The Jim Jones Revue

Interview with The JIM JONES REVUE just after their explosive sold-out show at La Rodia (Besançon, France.) A good occasion to know more about the band’s history and talk about blues, The GUN CLUB, Stiv Bators, Nick Curran and way more… A rock”n’roll entrevue!

You’re on tour in France right now, how is it goin’?

Rupert: We’ve had some really good shows. We had a great show in Bordeaux on Saturday night, then we did Angoulême at La Nef on Sunday, another great show and we played with BLACK JOE LEWIS & The HONEYBEARS tonight which is a real treat…

So, they only opened for you tonight? No other common gigs

Rupert: Yeah, it’s just one show, unfortunately ’cause we’re friends with them.

Their music works very well as an opening act for you…

Rupert: We haven’t seen them play really before, but yeah the two styles complemented each other. Similar but different. I saw Joe Lewis playing a long time ago in Austin and he was just like playing punk rock, you know and it’s really good to see him play with a big band now. They’re really nice people, I think it was a good fit and I’m sure we’ll play again together soon.

Jim played in THEE HYPNOTICS. What about the other members? Did you play in other bands before?

Rupert: Nick played in HEAVY STEREO. NIck: Yeah, you look like you might have been into HEAVY STEREO back in the day! Rupert: We all played in various bands in the past but The JIM JONES REVUE really put us together as a kind of unit.

So you’re not all from London originally?

Rupert: No, we’re from all over like Scotland but we all live in London.

You played a Jeffre Lee Pierce song that never got released before tonight. Will it be released on a compilation or something?

Gavin: Yeah it’s called “We Are Only Riders”. Rupert: It’s put together by this guy called Cypress Grove, he was one of the last guys to play guitar with Jeffrey Lee Pierce but he’s been friends with him for a long time and he discovered after Jeffrey did die that he had all these cassettes with original demos of GUN CLUB stuff, solo stuff and stuff that they jammed together. It’s really scratchy quality but he thought it would be a good idea to get people and re-record them.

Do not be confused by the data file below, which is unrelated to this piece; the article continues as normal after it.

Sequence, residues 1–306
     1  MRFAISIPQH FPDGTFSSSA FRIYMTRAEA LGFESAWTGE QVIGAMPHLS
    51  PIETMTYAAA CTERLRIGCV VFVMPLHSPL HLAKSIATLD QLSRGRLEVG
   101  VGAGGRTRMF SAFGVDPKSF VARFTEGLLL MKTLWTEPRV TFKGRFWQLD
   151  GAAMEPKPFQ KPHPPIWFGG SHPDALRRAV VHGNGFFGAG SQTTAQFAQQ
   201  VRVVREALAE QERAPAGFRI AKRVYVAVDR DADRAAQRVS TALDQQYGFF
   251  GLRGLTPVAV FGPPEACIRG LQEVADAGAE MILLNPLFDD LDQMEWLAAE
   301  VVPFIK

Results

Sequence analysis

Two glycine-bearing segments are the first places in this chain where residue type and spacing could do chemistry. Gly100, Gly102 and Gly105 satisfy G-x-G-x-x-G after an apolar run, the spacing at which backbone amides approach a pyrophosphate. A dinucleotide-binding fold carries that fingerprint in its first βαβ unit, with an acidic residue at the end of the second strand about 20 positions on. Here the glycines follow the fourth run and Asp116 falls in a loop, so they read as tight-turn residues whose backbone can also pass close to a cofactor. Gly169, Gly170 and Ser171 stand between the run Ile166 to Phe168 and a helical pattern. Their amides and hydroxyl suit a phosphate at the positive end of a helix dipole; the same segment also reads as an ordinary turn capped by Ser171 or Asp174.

I think the first record was released a couple of years ago and had Nick Cave, Lydia Lunch, Debbie Harry, Mark Lanegan… And it was really well received so they wanted to do another one. They contacted me originally about working with my sister, which didn’t happen and then we just kept in contact ’cause we met one of the guys who is involved in the project when we played in New Jersey last year.
He said “Oh yeah The JIM JONES REVUE should do one”, we said yeah we’d love to do one but it’s really hard to get the time. We saw them when we were last in America in September and they said “we’ve got to master it in the middle of October.” I said we only got like a week off in London before we start the French tour.;; We arranged it one day, recorded it another day, recorded it on the last day and then mixed it so it was like boom, boom, boom! I don’t know when it’s gonna be released, I think it’s gonna be early next year sometime or maybe even later this year. It’s released on German label Glitterhouse records. Nick Cave does a version of the same song we do as well, which we haven’t heard so it’s gonna be quite interesting. Gavin, you’ve heard this other record, didn’t you? Gavin: Yeah, they got different artists to do the same songs. Nick Cave was on that one too. All different versions. Rupert: And it’s a charity projects as well, all the money goes to Amnesty International and publishing goes to Jeffrey’s family, so it’s all done for the right reasons and we’re really proud to be part of it. We’ve only played the song a few times, tonight was the second or third time we’ve ever played it!

It sounded really good, almost as if it was your own song actually. You gave it your own sound.